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Military News Briefs for the Week of June 23, 2000

American Forces Press Service

WASHINGTON, June 23, 2000 – (This is a summary of the top American Forces Press Service news stories for the week ending June 23, 2000)



Most service members will see a pay increase in July as a result of the final leg of the compensation triad passed by Congress last year.

Pay table reform goes into effect in July with about 75 percent of service members receiving raises of one-half percent to 5.5 percent, said Navy Capt. Elliott Bloxom, director of DoD compensation. The other two legs of the triad DoD pushed last year were the overall 4.8 percent raise in January and retirement reform.

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The proposed limited National Missile Defense system “is on track to achieve the earliest capability to meet the defined limited threat,” according to an independent assessment team report written by retired Air Force Gen. Larry D. Welch of the Institute for Defense Analyses.

The report bolsters DoD’s choice of technology to meet an ICBM threat from a rogue state. The report stated it is appropriate and technically feasible. The Ballistic Missile Defense Office will conduct another test of the system July 7.

Defense Secretary William S. Cohen will use the results of this test, and previous tests, to make a recommendation to President Clinton about the feasibility of the system, which is estimated to cost $14 billion. President Clinton will make a decision on whether to go ahead with the program in the fall.

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The United States is encouraged by the accord signed by the presidents of South and North Korea, but officials say no U.S. troop reductions in South Korea are contemplated.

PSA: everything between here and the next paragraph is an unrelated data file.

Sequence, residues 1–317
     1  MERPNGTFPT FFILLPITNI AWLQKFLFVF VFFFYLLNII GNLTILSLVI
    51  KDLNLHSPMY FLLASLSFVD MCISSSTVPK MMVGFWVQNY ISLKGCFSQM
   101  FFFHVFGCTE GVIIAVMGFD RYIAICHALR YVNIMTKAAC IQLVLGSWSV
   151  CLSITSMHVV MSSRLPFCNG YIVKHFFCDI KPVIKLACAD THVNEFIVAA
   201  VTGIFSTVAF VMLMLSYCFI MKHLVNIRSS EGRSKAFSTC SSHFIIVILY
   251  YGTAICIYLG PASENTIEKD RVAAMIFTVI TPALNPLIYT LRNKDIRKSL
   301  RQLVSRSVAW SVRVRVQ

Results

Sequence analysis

About 37,000 U.S. troops are in South Korea, mostly with the U.S. Army. Pentagon spokesman Ken Bacon said that even if reunification occurs, South Korean President Kim Dae Jung would like to see U.S. troops remain in his country. Kim considers U.S. troop presence a regional stabilizing force, Bacon said.

He said there is a lot of reason for exuberance over the historic summit, but that the exuberance ought to be tempered. “There's been one summit; it's turned out well,” he said. “There is talk of another summit with President Kim Jong Il going to Seoul later this summer. And I think we just have to wait to see how events unfold.”

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Nov. 7, Election Day, is less than five months away. Voting officials recommend absentee voters request ballots 45 days in advance, even further in advance if they haven't yet registered to vote in their home district. Hmm … that window of opportunity is starting to narrow.

Officials with the Federal Voting Assistance Program have put a tremendous amount of information about absentee voting on the Internet at www.fvap.ncr.gov.

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Over the next three years, members of the DoD Task Force on Domestic Violence will visit bases and nearby civilian communities throughout the military.

The 24 appointed members -- half military and half civilian -- held their first meeting in June to launch the project.

"Domestic violence is contrary to our core values and it's something that we ought not tolerate," said Lt. Gen. Jack W. Klimp, the Marine Corps' deputy commandant for manpower and reserve affairs.

Klimp and Deborah D. Tucker, executive director of the National Training Center on Domestic and Sexual Violence, Austin, Texas, are the panel's co-chairs.

Tucker said anyone involved in domestic violence needs to get help. "Don't hope that it will get better. Our experience is that it will only get worse if someone doesn't step in and help."

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Women's health is a major concern, but it hasn't received the attention in clinical trials that it deserves, according to U.S. Surgeon General Dr. David Satcher.

"We don't know as much as we need to know about the health of women," he said at a women's health issues seminar at the Women in Military Service for America Memorial at Arlington (Va.) National Cemetery.

That's especially true for military women, whom the government sends into harm's way, he said. "We want them to be at their best and have the best ability to respond to different challenges to their health -- environmental or otherwise."

The surgeon general pointed out that women are stationed in some countries where diseases such as tuberculosis, malaria and AIDS, or acquired immune deficiency syndrome, are more widespread than in the United States.

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